Frank Sulloway, a Berkeley professor who co-authored a damning psychological analysis of conservatism four years ago, illustrates the problem. Appearing in the Times as a researcher "not connected to the study"—despite having co-written his similar 2003 analysis with one of its authors—Sulloway endorsed the study and pointed out, "There is ample data from the history of science showing that social and political liberals indeed do tend to support major revolutions in science." That's true: When new ideas turn out to be right, liberals are vindicated. But when new ideas turn out to be wrong, they cease to be "revolutions in science," so it's hard to keep score of liberalism's net results. And that's in science, where errors, being relatively factual, are easiest to prove and correct. In culture and politics, errors can be unrecoverable.
    The conservative case against this study is easy to make. Sure, we're fonder of old ways than you are. That's in our definition. Some of our people are obtuse; so are some of yours. If you studied the rest of us in real life, you'd find that while we second-guess the status quo less than you do, we second-guess putative reforms more than you do, so in terms of complexity, ambiguity, and critical thinking, it's probably a wash. Also, our standard of "information" is a bit tougher than the blips and fads you fall for. Sometimes, these inclinations lead us astray. But over the long run, they've served us and society pretty well. It's just that you notice all the times we were wrong and ignore all the times we were right.


    In fact, that's exactly what you've done in this study: You've manufactured a tiny world of letters, half-seconds, and button-pushing, so you can catch us in clear errors and keep out the part of life where our tendencies correct yours. And now you feel great about yourselves. Congratulations. You haven't told us much about our way of thinking. But you've told us a lot about yours.
     
  16. D_Tintagel_Demondong

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    Is this what you meant?

    Obfu-wha? Damn, my Republican gene is kicking in.

    Believe me, you wouldn't want that. :wink:

    Even more foreign: how about we just don't do any studies every again?!?!?

    Why so defensive, PK? Does this post offend you? Do the results of the study offend you? Maybe you aren't as moderate as you claim.
     
  17. StrictlyAvg

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    I'd say liberals tend to be more inquiring and have a broader world view; cons tend to be somewhat more parochial/insular. I'd agree you don't hear of many liberal rednecks or their uk equivalents!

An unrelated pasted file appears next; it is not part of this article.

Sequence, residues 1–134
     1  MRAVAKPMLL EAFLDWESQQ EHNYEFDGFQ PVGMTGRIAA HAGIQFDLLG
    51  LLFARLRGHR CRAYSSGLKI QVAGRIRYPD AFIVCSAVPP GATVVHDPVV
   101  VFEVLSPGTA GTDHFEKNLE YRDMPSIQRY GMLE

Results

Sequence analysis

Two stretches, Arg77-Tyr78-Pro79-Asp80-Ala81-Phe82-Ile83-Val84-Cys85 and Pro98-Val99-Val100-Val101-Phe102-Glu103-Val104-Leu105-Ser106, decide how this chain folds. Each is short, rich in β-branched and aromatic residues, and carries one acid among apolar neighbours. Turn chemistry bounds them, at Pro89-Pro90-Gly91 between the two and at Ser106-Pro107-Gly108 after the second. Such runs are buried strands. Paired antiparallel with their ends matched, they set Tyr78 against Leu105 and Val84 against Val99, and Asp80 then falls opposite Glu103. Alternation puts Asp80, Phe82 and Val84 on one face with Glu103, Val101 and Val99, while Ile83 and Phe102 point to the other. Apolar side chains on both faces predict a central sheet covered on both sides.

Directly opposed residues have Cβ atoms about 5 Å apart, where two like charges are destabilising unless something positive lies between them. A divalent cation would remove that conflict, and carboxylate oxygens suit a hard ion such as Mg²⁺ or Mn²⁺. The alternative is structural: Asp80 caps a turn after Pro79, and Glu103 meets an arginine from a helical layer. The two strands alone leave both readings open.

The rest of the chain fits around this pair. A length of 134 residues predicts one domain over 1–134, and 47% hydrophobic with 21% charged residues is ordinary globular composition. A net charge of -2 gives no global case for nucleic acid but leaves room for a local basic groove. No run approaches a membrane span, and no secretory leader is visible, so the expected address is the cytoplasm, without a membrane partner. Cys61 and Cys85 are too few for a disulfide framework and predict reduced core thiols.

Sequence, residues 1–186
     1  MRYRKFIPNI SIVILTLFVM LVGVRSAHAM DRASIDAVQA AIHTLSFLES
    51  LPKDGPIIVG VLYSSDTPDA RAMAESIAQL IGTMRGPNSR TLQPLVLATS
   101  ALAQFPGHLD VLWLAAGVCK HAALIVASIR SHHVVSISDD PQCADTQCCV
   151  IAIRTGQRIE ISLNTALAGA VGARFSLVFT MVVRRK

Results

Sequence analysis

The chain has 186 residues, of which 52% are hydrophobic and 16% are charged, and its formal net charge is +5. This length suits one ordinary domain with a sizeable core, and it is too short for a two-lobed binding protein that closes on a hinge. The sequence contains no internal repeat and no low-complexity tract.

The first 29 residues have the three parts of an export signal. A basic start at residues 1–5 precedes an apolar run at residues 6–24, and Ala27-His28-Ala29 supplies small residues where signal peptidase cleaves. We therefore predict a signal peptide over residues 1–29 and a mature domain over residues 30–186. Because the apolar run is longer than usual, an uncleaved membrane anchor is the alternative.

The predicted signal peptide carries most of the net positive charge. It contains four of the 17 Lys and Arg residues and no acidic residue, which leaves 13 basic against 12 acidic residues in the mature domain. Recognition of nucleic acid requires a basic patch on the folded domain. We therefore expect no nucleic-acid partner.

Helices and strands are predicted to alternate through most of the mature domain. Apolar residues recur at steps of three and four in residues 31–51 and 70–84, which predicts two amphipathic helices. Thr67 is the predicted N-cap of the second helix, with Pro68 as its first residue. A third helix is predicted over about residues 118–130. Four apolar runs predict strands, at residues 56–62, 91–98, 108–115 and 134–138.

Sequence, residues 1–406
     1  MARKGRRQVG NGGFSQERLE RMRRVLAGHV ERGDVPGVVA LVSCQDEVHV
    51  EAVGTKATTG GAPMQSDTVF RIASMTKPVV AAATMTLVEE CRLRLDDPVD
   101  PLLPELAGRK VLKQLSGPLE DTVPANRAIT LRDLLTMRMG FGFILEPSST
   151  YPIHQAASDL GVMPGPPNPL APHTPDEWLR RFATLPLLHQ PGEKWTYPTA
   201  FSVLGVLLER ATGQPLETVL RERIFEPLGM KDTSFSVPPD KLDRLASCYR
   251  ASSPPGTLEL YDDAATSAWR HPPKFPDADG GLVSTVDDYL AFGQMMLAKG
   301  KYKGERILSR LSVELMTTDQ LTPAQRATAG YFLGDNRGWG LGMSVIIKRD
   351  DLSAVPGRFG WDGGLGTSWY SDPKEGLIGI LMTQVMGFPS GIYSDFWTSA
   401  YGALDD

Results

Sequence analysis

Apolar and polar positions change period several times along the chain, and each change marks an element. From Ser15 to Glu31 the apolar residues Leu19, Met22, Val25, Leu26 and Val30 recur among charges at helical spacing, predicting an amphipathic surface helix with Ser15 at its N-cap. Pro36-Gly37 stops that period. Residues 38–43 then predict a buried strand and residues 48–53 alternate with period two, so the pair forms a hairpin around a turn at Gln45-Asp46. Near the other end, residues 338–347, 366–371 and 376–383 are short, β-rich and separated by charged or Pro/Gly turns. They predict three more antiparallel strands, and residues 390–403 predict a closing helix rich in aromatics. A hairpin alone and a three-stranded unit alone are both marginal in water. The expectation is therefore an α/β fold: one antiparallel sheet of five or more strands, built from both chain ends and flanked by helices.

But that doesn't have any bearing on intelligence per se.

    There's some very clever businessmen (who tend towards conservatism), dictators (who tend to have had classical western education, usually ending up more communist during/post education) and a lot of scientists around who certainly aren't liberal in their outlook.

    The demographics of the leaked BNP membership list in the UK made interesting reading the other day - certainly not made up of dropout thugs though those are the ones that make the headlines as a rule. For those of you not familiar with UK politics the BNP represent the far right of the political spectrum. Personally I think their fortress Britain view is shortsighted but that's a different debate!

    You'd be struggling to find any stats to back up your theory without someone coming up with equally compelling evidence that refutes it!
     
  18. marleyisalegend

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    Some people only associate themselves with liberalism because it's the flavor of the moment.
     
  19. D_Chocho_Lippz

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    How in the world am I stereotyping? You have the choice to categorize and label people as less intelligent based on some silly "research" and you are going to stereotype based on that? I'm not stereotyping you... I'm calling you a name because I believe stereotyping is wrong and if you are going to participate in that stereotype, then you are wrong. If you can prove to me that you are righteous in believing in this stereotype, then I will withdraw my label of you.

    I am tired of this bullshit stereotyping that goes on in the political forum here. Because I am a conservative I am automatically less intelligent than you?

    Is that what you are endorsing here rec3000?

    Solve problems? People were pushing a button... that was the test here, right?
     
  20. D_Chocho_Lippz

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    Thank you. I hope that you keep the judging to an individual level like you said you do. It is only right to judge someone on their own merit...